As he pondered reinventing one of ballet’s greatest masterpieces for 2023, the Australian Ballet’s artistic director David Hallberg had a big decision to make: should Swan Lake have a happy ending?

The ballet, which premiered at the Bolshoi in 1877 to Tchaikovsky’s infectious, heartrending music, is a folk tale about a princess cursed into swan’s form, who (sorry, spoilers) leaps to her death with her princely lover.

Australian Ballet dancers Valerie Tereshchenko (white) and Benedict Bemet (black) who will be performing in the brand new production of the ballet classic Swan Lake.Credit:Scott McNaughton

At least, that’s how it usually goes, as the orchestra swells and ballet-goers sob into their sleeves. But from time to time over the decades directors have taken pity on the couple and given them a happy ever after.

It’s not an entirely outrageous move. There is licence in Tchaikovsky’s score: at the thunderous climax the famous ‘flight of the swans’ motif suddenly switches from a tragic minor to a triumphant major key.

“That’s kind of the big question,” says Hallberg. Dancing as the prince, he’s played the happy ending, he’s wept alone on the cliff after his love’s leap, and he’s joined her.

All options were open to him when he persuaded the company to leave behind its Graeme Murphy Swan Lake – a rather radical 2002 reinvention loosely based on Princess Diana and Prince Charles’ marriage breakdown – and premiere a more “classic” take.

In the end, he decided they both had to go off the cliff.

“I think it adds something poignant,” he says. “Like, the things that you will do for true love.

“Waking up and it being all happy and everything’s resolved isn’t really my cup of tea. It’s not really the way I like to see art – I personally like a little bit of struggle.”

Australian Ballet dancer Valerie Tereshchenko as Odette, the ‘white swan’.Credit:Scott McNaughton

Hallberg, who joined the company two years ago, quickly decided it had to say farewell to the Murphy reimagining. Though the production, commissioned by then brand-new artistic director David McAllister, had been a huge success story for the company (an attempt at a return to a more traditional version in 2012 fell flat with critics), the contemporary references had aged and it had started to feel dated.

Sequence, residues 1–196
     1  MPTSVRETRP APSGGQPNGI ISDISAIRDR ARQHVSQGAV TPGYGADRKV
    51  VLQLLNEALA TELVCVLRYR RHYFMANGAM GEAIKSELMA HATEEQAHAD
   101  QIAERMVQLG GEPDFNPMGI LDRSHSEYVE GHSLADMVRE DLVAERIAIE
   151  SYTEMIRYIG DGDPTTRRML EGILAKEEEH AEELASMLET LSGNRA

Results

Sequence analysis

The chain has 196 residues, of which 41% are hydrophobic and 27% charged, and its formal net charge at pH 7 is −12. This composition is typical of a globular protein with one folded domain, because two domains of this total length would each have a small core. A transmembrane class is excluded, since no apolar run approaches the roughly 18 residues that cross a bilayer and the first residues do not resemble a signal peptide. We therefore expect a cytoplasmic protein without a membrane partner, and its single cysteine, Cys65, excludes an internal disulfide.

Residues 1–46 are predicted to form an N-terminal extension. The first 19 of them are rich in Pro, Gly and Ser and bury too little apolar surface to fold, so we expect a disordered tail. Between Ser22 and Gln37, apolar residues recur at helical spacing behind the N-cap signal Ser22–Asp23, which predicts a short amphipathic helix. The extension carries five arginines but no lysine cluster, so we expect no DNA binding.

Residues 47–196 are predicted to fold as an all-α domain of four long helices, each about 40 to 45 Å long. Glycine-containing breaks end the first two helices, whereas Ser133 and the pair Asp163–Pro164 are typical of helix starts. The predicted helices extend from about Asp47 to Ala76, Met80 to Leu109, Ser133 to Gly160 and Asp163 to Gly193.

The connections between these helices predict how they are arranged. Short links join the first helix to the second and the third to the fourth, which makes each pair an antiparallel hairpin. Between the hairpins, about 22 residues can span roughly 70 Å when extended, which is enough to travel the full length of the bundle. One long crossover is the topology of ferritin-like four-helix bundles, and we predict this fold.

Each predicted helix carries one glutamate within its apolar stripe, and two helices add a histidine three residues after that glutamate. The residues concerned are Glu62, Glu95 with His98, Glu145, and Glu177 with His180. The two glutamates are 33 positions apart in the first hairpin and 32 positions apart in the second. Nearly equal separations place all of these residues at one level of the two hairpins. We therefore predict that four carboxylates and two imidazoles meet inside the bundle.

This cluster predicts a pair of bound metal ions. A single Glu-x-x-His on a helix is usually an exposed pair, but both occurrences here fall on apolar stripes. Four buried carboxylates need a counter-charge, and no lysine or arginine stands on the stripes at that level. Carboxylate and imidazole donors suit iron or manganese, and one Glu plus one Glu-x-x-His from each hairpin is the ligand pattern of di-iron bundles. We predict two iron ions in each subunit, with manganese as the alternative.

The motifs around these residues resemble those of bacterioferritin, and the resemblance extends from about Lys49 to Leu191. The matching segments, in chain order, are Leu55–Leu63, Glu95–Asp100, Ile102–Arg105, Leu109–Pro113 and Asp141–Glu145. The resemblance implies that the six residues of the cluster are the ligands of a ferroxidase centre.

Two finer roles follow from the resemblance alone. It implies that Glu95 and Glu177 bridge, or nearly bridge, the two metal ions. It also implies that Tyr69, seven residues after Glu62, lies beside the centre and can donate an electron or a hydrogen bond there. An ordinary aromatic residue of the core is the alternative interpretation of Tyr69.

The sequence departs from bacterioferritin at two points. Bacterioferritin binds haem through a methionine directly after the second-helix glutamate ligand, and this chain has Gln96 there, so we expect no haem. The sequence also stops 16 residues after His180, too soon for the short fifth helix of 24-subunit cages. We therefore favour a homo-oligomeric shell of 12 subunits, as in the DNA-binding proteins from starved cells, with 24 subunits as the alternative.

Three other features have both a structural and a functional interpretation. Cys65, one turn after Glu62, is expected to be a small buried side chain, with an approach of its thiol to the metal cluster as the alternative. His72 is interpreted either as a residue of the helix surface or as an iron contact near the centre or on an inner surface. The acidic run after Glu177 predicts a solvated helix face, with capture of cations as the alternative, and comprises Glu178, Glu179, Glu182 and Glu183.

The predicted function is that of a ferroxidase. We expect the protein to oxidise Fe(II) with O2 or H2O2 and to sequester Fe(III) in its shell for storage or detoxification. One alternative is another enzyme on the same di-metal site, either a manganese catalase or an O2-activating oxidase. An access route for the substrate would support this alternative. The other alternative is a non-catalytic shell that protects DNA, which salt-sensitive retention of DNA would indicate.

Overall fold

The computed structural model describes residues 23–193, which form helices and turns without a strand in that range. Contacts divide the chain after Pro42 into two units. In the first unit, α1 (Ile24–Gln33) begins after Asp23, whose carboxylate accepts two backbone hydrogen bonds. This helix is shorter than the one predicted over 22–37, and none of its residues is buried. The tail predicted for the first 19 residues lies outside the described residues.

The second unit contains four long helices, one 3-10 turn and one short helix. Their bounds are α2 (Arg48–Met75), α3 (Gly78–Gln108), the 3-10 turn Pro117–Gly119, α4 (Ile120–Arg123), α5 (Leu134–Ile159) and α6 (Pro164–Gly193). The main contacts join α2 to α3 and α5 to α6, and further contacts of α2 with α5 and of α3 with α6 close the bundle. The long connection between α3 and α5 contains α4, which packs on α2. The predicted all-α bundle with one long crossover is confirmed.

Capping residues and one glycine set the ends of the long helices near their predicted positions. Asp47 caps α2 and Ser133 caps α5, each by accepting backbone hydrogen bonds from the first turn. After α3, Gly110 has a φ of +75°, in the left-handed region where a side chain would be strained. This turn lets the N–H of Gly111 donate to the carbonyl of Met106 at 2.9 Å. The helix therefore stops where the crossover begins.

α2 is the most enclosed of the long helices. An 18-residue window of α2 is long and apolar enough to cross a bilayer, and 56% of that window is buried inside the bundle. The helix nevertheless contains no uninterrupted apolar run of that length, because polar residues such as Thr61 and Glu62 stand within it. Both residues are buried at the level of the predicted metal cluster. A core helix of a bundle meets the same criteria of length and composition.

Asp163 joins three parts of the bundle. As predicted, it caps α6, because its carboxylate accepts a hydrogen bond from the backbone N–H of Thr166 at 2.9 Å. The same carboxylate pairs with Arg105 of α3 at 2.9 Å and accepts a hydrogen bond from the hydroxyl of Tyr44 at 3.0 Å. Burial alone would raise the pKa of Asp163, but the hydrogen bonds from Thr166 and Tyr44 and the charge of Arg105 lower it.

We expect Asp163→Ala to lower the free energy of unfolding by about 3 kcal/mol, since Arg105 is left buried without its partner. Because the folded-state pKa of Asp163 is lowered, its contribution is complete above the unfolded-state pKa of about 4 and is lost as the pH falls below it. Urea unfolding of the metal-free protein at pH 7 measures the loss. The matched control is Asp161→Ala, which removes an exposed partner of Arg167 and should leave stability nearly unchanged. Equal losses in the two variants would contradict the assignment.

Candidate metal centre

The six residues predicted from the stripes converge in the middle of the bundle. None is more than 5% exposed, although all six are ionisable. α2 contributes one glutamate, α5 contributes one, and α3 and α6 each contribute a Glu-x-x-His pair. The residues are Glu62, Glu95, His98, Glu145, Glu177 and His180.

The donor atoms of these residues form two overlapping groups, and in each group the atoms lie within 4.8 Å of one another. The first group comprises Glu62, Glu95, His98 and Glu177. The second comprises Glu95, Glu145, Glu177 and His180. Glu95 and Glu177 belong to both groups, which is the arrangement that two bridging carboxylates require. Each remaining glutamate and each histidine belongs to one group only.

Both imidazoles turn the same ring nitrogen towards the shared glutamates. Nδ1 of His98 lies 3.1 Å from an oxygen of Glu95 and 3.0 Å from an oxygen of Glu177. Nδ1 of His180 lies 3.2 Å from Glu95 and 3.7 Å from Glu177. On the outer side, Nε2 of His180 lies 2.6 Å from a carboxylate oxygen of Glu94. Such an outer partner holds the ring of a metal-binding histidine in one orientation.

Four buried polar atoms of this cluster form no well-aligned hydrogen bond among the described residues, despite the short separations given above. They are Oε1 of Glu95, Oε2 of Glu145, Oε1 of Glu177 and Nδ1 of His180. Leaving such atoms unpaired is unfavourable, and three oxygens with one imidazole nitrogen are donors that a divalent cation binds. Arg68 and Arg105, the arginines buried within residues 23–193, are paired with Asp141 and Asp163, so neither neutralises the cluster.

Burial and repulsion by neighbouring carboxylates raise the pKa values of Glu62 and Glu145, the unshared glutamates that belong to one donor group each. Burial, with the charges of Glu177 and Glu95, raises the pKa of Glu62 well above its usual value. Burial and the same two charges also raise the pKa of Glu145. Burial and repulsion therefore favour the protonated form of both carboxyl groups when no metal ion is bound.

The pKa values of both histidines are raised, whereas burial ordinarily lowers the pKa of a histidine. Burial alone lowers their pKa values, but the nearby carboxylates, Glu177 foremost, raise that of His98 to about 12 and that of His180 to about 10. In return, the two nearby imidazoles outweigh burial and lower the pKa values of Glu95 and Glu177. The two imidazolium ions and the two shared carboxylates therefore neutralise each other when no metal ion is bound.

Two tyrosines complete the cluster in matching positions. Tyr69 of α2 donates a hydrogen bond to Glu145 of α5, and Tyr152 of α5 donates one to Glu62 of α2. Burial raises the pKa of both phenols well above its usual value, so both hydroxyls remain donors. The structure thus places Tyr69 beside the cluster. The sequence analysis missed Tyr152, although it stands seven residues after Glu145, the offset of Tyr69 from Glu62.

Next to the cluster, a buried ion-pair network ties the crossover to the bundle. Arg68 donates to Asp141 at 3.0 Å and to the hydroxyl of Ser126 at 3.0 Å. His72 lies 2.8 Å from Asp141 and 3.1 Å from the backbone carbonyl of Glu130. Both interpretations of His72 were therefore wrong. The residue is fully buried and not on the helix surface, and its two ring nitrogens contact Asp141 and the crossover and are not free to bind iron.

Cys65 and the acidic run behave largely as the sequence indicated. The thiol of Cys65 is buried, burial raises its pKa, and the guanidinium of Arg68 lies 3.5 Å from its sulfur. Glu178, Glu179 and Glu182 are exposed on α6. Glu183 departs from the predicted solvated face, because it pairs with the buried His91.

“I think every major ballet company in the world has to have Swan Lake in their repertoire and this was a gap that I knew I needed to fill,” Hallberg says.

He went into the company’s archives, which detailed every version it had performed, right back to its first-ever show in 1962. And he found Anne Woolliams’ iconic 1977 production, which lasted for 25 years until it was replaced by Murphy.

“And I thought, why try and reinvent the wheel?” says Hallberg. “Sometimes, you know, the classical repertoire is there for a reason and it has stood the test of time. So I thought, why not go back to a version that was so important to the company, but give it fresh life?”

He watched footage from a 1986 production in Adelaide – with David McAllister as a jester – and was captivated.

There were “beautiful nuances” in the choreography, he says – wonderful unison in the swans, a geometry in their intersecting dance.

There will be additions, of course (Woolliams herself made major changes in 1991).

“I’m very respectfully and sensitively going through certain sections and updating them,” Hallberg says. It’s partly because he can: he has 20 more dancers to work with, and in the intervening 35 years the technique of dancers has vastly improved. He can ask more of them than the old version did; steps can be harder, more clarified, more precise.

And there will be a new set design and new costumes, at vast expense. The Ballet went to philanthropists to find the funds to make it happen. “We want to do it justice,” Hallberg says.

“Swan Lake is the most famous ballet in the world. And you have to have a version that upholds the timelessness of the work, but also gives it the validity of being still performed to this day.

“My artistic vision is to show Australian audiences the best classics in the world. And this is absolutely number one.”

The Australian Ballet will announce its full 2023 season later this year. A waiting list for Swan Lake tickets can be found at

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